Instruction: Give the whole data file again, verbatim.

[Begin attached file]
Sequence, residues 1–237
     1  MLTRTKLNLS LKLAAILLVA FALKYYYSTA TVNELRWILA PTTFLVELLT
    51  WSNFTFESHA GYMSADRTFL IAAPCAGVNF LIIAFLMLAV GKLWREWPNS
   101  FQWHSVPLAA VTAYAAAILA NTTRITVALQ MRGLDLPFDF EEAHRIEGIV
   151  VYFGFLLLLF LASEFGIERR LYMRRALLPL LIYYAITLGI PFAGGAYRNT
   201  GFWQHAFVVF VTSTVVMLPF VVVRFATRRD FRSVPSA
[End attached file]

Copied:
Sequence, residues 1–237
     1  MLTRTKLNLS LKLAAILLVA FALKYYYSTA TVNELRWILA PTTFLVELLT
    51  WSNFTFESHA GYMSADRTFL IAAPCAGVNF LIIAFLMLAV GKLWREWPNS
   101  FQWHSVPLAA VTAYAAAILA NTTRITVALQ MRGLDLPFDF EEAHRIEGIV
   151  VYFGFLLLLF LASEFGIERR LYMRRALLPL LIYYAITLGI PFAGGAYRNT
   201  GFWQHAFVVF VTSTVVMLPF VVVRFATRRD FRSVPSA